Elkhorn wants to condemn site; bank says it’s not contaminated
The city wants the property for a new department of public works location. The city and the state Department of Natural Resources claim the property first must be cleaned of pollutants.
A municipal well is within 40 feet of the property, but there are no indications that those pollutants are in the city’s water supply.
Walworth County Judge David Reddy will consider the request for an injunction to halt condemnation at a hearing Wednesday, Aug. 24.
“It’s a lawsuit that’s more concerned about condemnation procedures than contamination,” Tobias J. Steivang of Walworth County Properties said in a brief interview.
Walworth County Properties contends the city is wrong in its claim that the Centralia Street site requires environmental cleanup.
However, the DNR asked Walworth County Properties this month if it intends to take responsibility for site cleanup.
In May, the DNR sent Walworth County Properties a third letter in three years notifying it of hazardous discharges on the property.
“WCPI believes that no environmental contamination at, under or from the property requires remediation; and, therefore, there is no public necessity to condemn the property,” the company’s injunction request states.
The city in its answer affirmed that “environmental contamination exists at the site (and) that there is public necessity to condemn the property.”
The DNR argues that groundwater under the site is contaminated, but Walworth County Properties insists the contamination originates from a nearby property.
Elkhorn City Administrator Sam Tapson said that if the city acquires the property, it could seek DNR grants for environmental remediation.
According to court records, the 47,000-square-foot property once supported a single-level brick building built in the 1950s by Oak Communications Systems to produce electrical converter boxes for cable TV firms and the military.
Oak Communications closed in the early 1980s. Walworth State Bank took title of the property through an auction in 2000.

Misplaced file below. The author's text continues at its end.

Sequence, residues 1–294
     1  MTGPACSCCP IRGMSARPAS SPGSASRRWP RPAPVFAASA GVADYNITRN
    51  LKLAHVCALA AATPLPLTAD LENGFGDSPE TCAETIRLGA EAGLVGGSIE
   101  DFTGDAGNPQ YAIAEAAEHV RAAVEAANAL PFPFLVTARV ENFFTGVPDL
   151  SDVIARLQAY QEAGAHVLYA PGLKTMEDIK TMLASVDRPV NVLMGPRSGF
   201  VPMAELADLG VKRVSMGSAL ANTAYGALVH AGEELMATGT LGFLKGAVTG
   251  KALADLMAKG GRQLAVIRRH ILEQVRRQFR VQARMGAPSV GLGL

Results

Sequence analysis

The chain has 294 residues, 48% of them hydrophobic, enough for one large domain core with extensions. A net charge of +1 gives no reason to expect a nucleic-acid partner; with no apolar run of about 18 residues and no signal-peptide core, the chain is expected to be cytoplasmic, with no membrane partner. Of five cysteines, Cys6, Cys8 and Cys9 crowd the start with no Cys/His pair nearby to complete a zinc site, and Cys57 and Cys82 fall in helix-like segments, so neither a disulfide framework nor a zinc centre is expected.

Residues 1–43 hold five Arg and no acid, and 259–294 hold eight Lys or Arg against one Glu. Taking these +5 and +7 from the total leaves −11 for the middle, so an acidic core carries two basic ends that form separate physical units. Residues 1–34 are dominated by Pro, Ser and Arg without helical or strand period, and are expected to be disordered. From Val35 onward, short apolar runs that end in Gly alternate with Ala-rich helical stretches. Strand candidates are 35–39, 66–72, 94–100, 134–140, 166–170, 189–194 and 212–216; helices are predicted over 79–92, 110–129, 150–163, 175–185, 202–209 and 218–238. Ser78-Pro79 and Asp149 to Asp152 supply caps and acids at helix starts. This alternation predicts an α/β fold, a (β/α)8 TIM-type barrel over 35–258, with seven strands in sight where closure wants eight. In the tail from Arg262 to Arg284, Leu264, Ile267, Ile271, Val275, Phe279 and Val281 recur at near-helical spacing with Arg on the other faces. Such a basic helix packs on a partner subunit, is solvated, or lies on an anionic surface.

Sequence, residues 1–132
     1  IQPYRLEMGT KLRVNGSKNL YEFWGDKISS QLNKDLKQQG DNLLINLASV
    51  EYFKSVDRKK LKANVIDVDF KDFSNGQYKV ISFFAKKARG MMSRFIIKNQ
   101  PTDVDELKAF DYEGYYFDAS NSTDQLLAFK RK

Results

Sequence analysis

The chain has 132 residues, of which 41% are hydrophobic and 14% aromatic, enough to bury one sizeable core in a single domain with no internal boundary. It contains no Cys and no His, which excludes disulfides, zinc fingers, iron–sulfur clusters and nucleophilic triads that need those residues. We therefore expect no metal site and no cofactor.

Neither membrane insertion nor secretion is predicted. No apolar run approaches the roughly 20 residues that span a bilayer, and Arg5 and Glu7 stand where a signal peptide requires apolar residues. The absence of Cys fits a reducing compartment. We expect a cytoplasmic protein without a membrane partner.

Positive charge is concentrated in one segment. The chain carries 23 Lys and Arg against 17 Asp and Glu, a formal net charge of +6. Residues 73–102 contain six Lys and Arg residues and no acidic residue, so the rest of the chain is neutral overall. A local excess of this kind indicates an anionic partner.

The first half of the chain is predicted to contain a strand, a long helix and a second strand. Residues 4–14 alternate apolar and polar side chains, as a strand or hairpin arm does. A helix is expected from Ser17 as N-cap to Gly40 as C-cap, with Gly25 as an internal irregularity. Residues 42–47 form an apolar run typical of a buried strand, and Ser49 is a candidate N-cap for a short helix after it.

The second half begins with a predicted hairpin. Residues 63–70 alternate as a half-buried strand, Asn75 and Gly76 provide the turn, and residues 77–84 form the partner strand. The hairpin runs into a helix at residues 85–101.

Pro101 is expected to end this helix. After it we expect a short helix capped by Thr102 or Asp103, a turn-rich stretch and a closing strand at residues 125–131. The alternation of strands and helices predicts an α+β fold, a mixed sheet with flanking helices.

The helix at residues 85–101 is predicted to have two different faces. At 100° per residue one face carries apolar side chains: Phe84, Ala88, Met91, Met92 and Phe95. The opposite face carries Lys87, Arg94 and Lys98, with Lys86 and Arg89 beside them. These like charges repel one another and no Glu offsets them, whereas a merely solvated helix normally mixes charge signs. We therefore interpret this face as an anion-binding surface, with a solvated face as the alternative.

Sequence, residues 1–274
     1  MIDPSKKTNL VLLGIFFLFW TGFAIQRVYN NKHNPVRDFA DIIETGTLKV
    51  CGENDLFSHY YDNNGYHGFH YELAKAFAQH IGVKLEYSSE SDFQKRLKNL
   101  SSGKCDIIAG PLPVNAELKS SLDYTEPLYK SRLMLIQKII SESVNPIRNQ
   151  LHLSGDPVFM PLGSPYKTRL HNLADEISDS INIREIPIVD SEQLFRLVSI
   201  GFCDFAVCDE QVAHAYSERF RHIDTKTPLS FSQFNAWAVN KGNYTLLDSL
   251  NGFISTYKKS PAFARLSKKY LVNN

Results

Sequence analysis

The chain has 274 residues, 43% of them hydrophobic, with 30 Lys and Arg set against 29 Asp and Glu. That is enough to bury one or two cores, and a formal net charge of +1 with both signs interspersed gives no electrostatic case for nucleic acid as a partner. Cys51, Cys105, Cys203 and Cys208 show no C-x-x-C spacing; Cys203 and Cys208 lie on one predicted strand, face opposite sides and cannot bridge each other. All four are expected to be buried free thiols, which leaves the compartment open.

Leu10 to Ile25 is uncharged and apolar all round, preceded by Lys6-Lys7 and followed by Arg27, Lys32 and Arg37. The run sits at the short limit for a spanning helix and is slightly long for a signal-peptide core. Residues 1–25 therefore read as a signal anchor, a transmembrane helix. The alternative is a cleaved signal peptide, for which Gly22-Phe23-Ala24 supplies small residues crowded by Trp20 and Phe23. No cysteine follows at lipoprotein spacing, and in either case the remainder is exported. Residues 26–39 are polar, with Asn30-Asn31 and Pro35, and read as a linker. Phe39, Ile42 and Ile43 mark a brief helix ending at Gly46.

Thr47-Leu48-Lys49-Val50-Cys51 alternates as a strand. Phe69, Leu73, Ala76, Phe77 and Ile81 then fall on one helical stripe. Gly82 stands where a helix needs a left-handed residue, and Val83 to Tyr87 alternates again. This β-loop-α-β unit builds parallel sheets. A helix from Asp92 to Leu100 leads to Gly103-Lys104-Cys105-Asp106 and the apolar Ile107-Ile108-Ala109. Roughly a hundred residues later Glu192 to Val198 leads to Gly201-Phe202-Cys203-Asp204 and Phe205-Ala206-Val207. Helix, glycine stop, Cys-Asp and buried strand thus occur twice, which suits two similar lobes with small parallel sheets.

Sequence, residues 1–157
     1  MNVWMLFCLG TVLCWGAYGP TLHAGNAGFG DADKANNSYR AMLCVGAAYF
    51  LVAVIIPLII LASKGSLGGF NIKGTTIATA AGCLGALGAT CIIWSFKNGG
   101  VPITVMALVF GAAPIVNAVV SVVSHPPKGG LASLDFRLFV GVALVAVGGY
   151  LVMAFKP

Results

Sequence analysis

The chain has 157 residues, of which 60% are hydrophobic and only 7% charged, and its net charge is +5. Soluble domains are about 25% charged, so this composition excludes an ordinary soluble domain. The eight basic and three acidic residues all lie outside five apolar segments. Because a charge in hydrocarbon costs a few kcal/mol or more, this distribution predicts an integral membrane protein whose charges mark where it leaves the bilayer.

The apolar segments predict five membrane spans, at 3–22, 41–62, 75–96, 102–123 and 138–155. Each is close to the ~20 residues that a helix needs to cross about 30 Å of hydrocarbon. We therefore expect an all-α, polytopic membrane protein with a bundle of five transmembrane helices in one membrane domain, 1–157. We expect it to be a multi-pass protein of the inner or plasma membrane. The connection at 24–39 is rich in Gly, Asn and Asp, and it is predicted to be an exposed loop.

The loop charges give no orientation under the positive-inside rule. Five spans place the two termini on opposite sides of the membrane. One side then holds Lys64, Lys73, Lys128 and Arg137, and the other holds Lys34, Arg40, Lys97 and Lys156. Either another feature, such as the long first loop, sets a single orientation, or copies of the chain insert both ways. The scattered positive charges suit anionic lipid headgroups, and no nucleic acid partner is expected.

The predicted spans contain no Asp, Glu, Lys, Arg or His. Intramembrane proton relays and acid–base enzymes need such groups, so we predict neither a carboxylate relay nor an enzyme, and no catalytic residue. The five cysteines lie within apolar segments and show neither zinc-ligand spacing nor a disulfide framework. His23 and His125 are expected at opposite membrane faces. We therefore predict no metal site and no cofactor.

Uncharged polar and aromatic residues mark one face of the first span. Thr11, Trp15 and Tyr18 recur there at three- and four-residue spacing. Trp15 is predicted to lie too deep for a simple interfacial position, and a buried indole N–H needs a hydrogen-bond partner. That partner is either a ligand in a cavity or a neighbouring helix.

“Neither the bank nor WPCI has initiated any necessary response actions. In light of the fact, the DNR is notifying you that it may elect to take some or all of the required response actions pertaining to this situation,” the May letter from the DNR states.
The cost of the cleanup could be put into a lien against Walworth County Properties, DNR records state.
Chlorinated-based cleaning fluids for circuit boards are the primary pollutants, according to DNR reports.
Walworth County Properties contends pollution at the Centralia Street site migrated from city property to its east. Earlier this year, Walworth County Properties asked the DNR for an exemption from responsibility for cleanup, claiming the pollution came from adjacent properties.
John M. Van Lieshout, an environmental attorney from Milwaukee, said the request for off-site exemption was his client’s response to the DNR letters.
“Based on that request, (Walworth County Properties) does not foresee any need to take any response actions at the property,” Van Lieshout wrote to the DNR. “Instead, the response actions should be taken by the party responsible for the contamination, which has migrated onto the property from an off-site source.”
The DNR twice denied the exemption request, saying contaminants originated from the 201 Centralia St. site. PCBs were found in the sump pump.
In a July 21 letter, the DNR letter wrote to Walworth County Properties: “The site contains discharges of hazardous substances to the air, lands or waters of the state that need to be investigated.”
Van Lieshout wrote to the DNR that he was not aware of any imminent threat to human health or the environment that would prompt state-funded action on the property.